Kafka began writing what he had entitled "Der Verschollene "("The Missing Person") in 1912 and wrote the last completed chapter in 1914. But it wasn't until 1927, three years after his death, that Max Brod, Kafka's friend and literary executor, edited the unfinished manuscript and published it as "Amerika." Kafka's first and funniest novel, "Amerika "tells the story of the young Karl Rossmann who, after an incident involving a housemaid, is banished by his parents to America. Expected to redeem himself in this magical land of opportunity, young Karl is swept up instead in a whirlwind of dizzying reversals, strange escapades, and picaresque adventures.
About the Author
Franz Kafka (1883-1924) was born of Jewish parents in Prague. Several of his story collections were published in his lifetime and his novels, The Trial, The Castle, and Amerika, were published posthumously by his editor Max Brod.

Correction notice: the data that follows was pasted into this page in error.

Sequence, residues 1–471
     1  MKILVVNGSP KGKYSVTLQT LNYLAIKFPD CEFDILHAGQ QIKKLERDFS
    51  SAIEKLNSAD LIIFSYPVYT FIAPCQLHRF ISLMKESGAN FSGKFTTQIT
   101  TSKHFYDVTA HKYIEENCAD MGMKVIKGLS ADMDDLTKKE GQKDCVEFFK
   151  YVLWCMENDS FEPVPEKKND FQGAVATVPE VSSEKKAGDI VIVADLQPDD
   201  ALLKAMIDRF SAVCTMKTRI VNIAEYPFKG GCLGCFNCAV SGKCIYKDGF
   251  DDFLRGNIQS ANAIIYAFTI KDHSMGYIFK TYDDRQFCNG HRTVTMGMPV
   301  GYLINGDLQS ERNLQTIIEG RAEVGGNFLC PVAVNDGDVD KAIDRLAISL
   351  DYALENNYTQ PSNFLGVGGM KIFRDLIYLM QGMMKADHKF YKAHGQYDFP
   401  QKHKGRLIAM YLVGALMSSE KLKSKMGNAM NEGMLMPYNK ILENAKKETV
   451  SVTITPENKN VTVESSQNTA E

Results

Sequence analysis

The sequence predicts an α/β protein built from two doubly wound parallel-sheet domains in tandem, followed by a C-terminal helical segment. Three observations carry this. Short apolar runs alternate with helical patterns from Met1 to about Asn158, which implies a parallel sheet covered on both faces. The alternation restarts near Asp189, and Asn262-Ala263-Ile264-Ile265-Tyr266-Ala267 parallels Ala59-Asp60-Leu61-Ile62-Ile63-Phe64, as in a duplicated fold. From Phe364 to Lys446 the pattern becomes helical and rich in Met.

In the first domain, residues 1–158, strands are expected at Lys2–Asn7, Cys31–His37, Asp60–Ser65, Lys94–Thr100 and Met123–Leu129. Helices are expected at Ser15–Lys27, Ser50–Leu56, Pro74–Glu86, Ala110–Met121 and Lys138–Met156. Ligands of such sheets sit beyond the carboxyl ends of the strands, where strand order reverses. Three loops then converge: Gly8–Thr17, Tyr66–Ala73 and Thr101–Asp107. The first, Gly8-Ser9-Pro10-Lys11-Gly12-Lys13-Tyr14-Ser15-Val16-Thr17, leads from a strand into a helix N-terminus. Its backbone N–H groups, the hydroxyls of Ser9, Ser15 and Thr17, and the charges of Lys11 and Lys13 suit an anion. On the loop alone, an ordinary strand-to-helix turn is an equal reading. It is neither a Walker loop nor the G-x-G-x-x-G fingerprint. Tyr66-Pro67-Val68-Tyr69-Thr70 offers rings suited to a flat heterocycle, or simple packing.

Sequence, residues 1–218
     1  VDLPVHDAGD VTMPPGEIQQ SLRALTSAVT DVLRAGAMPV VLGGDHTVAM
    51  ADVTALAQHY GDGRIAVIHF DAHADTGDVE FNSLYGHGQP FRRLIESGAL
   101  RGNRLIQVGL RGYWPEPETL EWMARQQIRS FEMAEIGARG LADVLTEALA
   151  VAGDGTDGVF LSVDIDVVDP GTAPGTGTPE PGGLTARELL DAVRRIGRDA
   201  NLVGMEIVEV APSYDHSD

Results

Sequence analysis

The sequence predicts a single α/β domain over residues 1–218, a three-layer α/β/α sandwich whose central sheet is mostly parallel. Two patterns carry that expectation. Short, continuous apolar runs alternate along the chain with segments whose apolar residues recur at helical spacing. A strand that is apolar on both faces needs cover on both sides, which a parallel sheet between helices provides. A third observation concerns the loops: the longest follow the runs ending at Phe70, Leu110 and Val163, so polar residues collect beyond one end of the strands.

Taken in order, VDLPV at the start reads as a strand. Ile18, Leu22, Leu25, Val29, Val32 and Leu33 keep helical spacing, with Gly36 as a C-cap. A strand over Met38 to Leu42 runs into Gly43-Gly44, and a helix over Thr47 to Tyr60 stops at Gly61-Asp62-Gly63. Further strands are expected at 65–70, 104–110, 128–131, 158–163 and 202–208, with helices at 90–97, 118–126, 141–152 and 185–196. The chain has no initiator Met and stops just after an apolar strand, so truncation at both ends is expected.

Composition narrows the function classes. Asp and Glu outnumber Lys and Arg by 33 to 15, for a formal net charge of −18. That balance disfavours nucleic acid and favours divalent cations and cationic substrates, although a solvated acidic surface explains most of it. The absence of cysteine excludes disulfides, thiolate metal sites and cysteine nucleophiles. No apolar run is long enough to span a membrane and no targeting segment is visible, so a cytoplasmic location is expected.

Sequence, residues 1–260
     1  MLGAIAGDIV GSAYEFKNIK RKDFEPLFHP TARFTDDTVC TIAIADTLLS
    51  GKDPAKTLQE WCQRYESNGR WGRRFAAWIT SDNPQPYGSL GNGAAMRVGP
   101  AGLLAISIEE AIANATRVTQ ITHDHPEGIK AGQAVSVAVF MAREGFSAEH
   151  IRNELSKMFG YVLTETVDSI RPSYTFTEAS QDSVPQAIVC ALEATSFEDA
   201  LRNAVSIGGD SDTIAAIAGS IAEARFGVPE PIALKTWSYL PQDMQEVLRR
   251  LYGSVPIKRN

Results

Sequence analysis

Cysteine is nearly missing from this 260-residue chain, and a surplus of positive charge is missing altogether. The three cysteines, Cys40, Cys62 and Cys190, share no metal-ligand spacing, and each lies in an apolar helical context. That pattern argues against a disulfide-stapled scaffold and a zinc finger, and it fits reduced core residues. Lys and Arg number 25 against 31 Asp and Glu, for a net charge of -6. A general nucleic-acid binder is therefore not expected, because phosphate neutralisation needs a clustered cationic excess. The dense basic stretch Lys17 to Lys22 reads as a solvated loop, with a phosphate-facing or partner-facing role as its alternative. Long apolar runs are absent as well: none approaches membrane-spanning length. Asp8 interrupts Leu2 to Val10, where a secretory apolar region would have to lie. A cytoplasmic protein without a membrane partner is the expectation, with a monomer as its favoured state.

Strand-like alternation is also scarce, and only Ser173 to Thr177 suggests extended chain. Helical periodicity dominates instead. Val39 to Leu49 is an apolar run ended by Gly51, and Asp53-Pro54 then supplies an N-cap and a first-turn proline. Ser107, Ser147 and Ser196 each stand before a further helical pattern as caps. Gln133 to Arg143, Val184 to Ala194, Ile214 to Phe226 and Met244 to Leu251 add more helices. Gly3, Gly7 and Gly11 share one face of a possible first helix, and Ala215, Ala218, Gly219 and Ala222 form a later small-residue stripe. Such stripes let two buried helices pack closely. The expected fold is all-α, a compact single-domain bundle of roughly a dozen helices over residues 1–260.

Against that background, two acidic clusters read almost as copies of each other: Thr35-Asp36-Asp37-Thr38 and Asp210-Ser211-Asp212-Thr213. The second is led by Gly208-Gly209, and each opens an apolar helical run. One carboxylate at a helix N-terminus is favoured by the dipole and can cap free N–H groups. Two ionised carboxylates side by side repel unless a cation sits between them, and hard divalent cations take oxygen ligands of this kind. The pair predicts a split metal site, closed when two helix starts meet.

Mark Harman, who has written extensively on German and Irish literature, is Professor of English and German at Elizabethtown College.
“We are not too far wrong to see in Karl Rossmann the explorer who maps the internal territory for the later Kafka hero Joseph K. of The Trial. It is a natural segue, after all, from the youth who lives to placate to the adult with the inescapable sense of guilt. In fact, we could propose Kafka as an artist in a lifelong search of the most accommodating conceit for his vision. Karl is the earliest of his eponymous heroes, all of them essentially one tormented soul whose hallucinatory landscape keeps changing.”
—E. L. Doctorow
“More than eighty years after his death from tuberculosis at age forty, Kafka continues to defy simplifications, to force us to consider him anew. That’s the effect of Mark Harman’s new translation of Amerika.”
—Los Angeles Times